Thursday, April 17, 2014

unspectacularly average

Always do your best. You don't have to be the best as long as you are your best.

That's how I was raised, based partially on Paul's letter to the church at Colosse:
"Whatever you do, work at it with all your heart, as working for the Lord, not for men, since you know that you will receive an inheritance from the Lord as a reward. It is the Lord Christ you are serving."
Colossians 3:23 & 24

Growing up, the most trouble that caused me was an occasional annoyance, a nudge when I just wasn't working as hard as I could at something. I would roll my eyes when my parents asked me if I had done my best, but then it would cause a slight twinge of conscience and I would buckle down and focus and pretty soon my grades would be back to the A's I was used to having.

Lately, though, it's been a hard verse for me.

There's a saying, "too many irons in the fire." That's where I am now, partly by choice and partly by necessity. As a result, it seems everything I'm doing is working out to be unspectacularly average. My house is a mess and I get caught up on chores only once in a great while. There are flowerbeds all around our house that I'm supposed to be taking care of, but they're pretty much ignored. Closets need to be decluttered. I regularly score about 70% on my homework. I have a story written that's just waiting to be typed but there aren't enough hours in the day. A baby present for my niece who will be making her gib debut anytime now is still waiting to be finished. This blog goes abandoned for long periods of time.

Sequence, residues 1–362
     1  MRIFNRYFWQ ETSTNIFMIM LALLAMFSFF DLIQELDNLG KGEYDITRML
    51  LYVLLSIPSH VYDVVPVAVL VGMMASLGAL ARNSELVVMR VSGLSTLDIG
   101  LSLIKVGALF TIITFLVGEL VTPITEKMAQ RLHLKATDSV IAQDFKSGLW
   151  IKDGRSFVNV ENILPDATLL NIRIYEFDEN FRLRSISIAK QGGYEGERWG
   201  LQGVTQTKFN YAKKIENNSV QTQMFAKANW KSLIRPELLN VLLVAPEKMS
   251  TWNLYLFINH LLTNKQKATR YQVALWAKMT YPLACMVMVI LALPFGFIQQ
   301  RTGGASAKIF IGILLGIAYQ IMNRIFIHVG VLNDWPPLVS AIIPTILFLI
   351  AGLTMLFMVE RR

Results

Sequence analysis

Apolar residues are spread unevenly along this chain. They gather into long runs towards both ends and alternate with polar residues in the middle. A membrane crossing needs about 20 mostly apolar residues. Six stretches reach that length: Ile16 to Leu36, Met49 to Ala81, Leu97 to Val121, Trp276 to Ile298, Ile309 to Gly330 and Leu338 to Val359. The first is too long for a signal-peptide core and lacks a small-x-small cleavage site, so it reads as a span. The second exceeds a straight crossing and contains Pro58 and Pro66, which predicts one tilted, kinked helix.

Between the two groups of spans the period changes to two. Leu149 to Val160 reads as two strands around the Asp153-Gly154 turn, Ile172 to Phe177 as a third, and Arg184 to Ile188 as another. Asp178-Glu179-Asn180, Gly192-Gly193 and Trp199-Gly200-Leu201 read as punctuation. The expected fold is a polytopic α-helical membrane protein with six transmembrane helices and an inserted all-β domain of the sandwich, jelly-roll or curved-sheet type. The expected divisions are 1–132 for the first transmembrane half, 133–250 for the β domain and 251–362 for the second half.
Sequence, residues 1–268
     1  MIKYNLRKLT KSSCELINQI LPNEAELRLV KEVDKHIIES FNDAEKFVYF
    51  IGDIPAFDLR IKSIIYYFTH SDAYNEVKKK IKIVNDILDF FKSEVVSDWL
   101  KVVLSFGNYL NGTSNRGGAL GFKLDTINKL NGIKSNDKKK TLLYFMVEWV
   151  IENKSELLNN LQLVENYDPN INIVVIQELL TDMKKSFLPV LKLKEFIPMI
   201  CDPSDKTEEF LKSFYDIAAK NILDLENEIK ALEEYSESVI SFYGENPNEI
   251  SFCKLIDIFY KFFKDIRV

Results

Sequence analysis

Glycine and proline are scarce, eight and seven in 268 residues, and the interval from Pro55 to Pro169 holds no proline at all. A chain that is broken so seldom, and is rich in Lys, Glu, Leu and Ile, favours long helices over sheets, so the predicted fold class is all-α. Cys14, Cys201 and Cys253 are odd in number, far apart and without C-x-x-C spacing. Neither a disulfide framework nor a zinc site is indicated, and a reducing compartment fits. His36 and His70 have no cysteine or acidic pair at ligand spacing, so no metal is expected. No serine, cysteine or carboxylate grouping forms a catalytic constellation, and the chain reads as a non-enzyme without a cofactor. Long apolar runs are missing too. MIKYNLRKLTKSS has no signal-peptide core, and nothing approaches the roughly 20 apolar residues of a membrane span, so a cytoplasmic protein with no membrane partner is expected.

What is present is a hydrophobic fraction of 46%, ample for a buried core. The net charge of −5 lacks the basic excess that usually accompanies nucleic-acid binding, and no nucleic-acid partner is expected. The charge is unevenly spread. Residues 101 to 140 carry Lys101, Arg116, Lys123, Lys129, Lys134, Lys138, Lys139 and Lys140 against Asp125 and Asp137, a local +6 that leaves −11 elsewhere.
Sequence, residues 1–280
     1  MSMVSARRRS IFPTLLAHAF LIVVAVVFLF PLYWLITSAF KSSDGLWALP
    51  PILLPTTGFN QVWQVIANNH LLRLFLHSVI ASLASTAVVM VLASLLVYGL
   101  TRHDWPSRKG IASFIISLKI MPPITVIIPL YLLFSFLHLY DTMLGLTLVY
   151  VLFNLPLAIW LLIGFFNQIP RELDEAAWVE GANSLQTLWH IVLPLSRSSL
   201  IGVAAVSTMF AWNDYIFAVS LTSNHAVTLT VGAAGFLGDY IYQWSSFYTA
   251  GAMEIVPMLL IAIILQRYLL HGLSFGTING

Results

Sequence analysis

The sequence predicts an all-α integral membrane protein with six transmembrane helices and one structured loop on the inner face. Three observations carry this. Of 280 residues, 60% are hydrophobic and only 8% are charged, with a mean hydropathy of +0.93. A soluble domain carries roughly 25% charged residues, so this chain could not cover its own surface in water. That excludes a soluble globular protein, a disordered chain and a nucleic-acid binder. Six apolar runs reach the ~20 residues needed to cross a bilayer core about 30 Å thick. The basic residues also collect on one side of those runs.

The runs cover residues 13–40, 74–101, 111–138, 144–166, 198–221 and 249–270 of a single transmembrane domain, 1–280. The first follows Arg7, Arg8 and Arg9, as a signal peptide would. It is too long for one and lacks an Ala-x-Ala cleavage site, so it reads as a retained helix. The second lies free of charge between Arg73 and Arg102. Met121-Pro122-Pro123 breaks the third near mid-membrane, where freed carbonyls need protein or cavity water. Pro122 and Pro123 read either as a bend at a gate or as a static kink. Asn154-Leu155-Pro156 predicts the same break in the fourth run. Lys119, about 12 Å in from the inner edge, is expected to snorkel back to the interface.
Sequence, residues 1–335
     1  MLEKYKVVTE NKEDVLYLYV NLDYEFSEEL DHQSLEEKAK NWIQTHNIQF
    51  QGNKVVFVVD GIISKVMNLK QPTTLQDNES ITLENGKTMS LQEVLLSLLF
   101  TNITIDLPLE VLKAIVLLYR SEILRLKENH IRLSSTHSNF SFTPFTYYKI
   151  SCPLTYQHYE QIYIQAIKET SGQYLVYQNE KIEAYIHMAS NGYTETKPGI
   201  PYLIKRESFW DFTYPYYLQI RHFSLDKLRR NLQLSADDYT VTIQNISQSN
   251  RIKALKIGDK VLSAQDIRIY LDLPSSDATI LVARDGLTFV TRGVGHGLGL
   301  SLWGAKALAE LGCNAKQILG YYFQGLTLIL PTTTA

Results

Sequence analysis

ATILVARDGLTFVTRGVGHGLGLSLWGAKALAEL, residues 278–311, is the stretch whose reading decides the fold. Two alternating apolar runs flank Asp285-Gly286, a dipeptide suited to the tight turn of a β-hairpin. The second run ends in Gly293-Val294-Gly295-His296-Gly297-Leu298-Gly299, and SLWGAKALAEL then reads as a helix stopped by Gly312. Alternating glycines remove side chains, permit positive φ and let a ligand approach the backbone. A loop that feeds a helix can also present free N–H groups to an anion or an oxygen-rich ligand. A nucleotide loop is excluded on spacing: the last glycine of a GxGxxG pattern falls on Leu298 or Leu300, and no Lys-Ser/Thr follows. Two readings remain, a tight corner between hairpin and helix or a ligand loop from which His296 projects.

And yet I somehow manage to fall into bed exhausted at night after the kids have been tucked into bed and Nathan's left for work--after a day of feeling like I haven't accomplished anything.

With so much going on there's nothing I'm doing right now that feels like my best, and that's incredibly hard for me to handle.

So now we come to the part of the post where I'm supposed to reveal what truth I've found in the middle of the chaos. This time, though
I got nuthin'.
I'm stuck with the mess and I'm not seeing what the lesson is that I'm supposed to learn from all of it. To be honest, that's why the idea of posting this one actually hurts me a bit--it is quite literally giving me a headache.